over 3 years ago • 3 mins
We’ve waved goodbye to the third quarter of 2020, and there’s just one more to go to close out the year. And by most investor assessments, despite still-turbulent times, things have gone pretty swimmingly.
The global economic recovery kicked off in earnest last quarter, but US stocks were way ahead: they’d already risen 20% in the second quarter. Investors weren’t necessarily expecting a repeat of that, mind you, and it’s just as well: US stocks were “only” up 8% overall last quarter.
That was mostly thanks to a 14% rise in consumer discretionary stocks (led by the likes of Nike and Amazon), as well as a boost in seemingly foolproof tech and communications stocks – which rose 13% and 12% respectively. Industrials firms weighed in too with an average 12% gain, as investors increasingly opted for “cyclical” companies – whose earnings growth is tied to the economy’s – and materials stocks. The latter in particular appeared to benefit from an uptick in house-buying, which has been spurred by the availability of low interest rate mortgages.
So-called “defensive” sectors – whose earnings are typically stable and whose shares, in turn, don’t usually experience massive swings up or down – held their own. Consumer staples rose by 10%, utilities were up 7%, and healthcare and utilities stocks were up 5% apiece. Bringing up the rear were energy companies, which were down almost 20% on average. You won’t be surprised to hear they’ve continued to suffer from the pandemic’s effects, including plummeting oil and gas demand from once-major customers like airlines.
There’s an enduring concept in the investing world called “mean reversion”. It basically suggests that, over time, prices that have risen or fallen significantly will bounce back to some sort of average level, undoing its under- or outperformance. And that’s something some investors are relying on: they’re hoping that, say, oil’s slump might reverse course soon and bag those investors who “bought the dip” a profit. Other investors think a coronavirus vaccine could have the same effect. If it does, a vaccine-induced pickup in economic growth would boost cyclical stocks the most, at the expense of this year’s high-performing growth stocks.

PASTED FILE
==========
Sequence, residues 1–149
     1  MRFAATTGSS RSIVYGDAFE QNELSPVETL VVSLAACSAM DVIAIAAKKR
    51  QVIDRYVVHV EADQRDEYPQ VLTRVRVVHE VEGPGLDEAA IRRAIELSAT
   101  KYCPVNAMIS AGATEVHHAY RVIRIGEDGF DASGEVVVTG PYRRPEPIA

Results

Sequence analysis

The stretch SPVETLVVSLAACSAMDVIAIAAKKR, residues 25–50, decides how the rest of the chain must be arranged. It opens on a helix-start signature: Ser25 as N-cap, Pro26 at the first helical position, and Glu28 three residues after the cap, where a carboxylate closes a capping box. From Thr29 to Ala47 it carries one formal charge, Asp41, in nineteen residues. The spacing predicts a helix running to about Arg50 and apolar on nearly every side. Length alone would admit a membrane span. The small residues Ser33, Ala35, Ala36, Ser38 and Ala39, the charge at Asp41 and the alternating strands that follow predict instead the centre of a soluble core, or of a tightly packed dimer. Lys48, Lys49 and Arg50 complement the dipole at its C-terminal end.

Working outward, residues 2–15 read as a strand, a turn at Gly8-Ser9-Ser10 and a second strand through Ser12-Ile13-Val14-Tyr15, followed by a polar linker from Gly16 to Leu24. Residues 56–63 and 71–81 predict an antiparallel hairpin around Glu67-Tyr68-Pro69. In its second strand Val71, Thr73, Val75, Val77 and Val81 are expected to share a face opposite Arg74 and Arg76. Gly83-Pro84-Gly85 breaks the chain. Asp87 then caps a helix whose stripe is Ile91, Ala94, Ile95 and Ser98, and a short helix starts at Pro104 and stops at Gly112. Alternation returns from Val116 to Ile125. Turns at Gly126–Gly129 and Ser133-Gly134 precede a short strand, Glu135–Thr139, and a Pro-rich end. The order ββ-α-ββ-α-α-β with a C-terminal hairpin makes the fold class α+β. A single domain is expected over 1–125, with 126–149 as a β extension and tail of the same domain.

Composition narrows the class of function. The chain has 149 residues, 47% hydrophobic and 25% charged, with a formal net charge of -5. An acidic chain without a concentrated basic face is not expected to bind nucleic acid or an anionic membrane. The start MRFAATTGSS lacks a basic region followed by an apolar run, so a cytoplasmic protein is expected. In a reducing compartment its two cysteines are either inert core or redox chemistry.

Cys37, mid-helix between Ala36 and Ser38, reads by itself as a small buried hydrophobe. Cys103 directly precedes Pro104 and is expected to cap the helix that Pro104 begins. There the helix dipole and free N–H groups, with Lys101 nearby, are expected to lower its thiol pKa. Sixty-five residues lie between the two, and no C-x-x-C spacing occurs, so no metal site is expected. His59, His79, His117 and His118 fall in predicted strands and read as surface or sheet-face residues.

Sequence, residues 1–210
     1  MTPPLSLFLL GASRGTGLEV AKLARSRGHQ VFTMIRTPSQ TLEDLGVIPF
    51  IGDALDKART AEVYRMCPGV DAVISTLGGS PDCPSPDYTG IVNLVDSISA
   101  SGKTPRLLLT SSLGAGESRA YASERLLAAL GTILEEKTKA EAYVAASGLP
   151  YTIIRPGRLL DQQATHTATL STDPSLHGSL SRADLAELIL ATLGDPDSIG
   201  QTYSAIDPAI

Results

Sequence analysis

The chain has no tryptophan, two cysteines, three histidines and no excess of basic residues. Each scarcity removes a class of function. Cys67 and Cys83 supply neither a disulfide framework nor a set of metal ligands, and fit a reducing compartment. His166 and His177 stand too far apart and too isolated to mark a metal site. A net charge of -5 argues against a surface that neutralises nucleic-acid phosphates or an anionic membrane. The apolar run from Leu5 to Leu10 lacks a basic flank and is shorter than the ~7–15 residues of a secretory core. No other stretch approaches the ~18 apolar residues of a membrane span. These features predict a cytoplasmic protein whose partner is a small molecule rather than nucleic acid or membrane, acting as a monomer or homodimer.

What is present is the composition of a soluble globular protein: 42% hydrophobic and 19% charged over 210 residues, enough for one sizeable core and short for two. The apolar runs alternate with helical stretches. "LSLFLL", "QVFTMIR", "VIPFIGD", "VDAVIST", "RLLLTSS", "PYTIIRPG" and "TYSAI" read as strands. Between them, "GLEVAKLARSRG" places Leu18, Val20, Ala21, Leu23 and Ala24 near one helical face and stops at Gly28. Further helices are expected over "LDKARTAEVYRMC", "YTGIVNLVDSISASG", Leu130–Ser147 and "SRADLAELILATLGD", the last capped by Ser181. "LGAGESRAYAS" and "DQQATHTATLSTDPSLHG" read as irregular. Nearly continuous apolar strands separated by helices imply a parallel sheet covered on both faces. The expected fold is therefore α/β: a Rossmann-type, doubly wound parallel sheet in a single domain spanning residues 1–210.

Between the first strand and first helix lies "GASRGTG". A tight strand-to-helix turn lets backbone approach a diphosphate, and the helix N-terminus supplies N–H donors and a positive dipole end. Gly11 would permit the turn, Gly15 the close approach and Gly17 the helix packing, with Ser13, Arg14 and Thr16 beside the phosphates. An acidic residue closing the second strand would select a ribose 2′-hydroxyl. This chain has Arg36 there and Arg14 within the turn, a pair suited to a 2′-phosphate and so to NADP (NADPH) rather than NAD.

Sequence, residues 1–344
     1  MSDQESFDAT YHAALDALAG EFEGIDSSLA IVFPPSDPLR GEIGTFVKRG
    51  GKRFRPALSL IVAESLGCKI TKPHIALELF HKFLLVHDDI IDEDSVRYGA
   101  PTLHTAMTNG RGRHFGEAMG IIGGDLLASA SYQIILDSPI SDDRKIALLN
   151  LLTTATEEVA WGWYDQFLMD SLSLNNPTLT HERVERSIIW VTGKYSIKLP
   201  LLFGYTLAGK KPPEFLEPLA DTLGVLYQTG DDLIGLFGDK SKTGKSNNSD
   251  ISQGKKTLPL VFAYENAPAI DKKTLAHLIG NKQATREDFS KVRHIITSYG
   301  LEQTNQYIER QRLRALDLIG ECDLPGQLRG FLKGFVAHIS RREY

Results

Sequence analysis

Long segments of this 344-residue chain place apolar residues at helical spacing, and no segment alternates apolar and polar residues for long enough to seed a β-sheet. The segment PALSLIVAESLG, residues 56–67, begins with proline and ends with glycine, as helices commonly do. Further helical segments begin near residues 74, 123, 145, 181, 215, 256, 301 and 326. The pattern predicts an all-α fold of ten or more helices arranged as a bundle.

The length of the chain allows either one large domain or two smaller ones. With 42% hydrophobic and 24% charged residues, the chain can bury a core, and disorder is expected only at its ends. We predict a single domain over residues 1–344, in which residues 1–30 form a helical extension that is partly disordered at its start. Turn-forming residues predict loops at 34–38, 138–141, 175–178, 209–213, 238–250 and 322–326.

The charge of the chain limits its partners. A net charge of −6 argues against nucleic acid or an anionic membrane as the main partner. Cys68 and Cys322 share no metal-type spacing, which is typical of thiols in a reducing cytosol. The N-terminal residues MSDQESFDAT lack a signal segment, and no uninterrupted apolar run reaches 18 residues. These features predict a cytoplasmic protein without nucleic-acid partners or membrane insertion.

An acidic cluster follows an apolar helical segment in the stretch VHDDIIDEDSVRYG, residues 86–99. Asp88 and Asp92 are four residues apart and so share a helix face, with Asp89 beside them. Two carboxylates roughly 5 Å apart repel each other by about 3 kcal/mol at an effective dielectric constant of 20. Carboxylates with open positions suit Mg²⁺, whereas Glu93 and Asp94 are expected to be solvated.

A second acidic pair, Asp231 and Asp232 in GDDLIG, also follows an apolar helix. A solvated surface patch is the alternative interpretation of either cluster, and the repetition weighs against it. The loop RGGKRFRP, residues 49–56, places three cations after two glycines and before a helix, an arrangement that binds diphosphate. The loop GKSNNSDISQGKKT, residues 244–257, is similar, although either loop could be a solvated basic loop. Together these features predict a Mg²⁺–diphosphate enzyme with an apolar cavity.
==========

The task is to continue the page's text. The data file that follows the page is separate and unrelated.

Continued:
November’s US election is likely to have a bigger effect on stock markets than the goings-on in any single industry, but its impact on company earnings might actually be more positive than people think. According to investment bank Goldman Sachs’ analysis, the outcome that investors think is most likely – a Democratic Party win – would boost profits 4%. There’ll be tax hikes, sure, but they’ll be more than offset by economy-boosting government spending.
Spare a thought for Japanese investors who last week saw a technical glitch shut down the entire Tokyo Stock Exchange on Thursday. It was the worst outage in 20 years, and the country’s financial regulator has promised to get to the bottom of what exactly happened. The exchange was back open on Friday, but with a holiday period now kicking off across parts of Asia, its resilience probably won’t be fully tested for a while.
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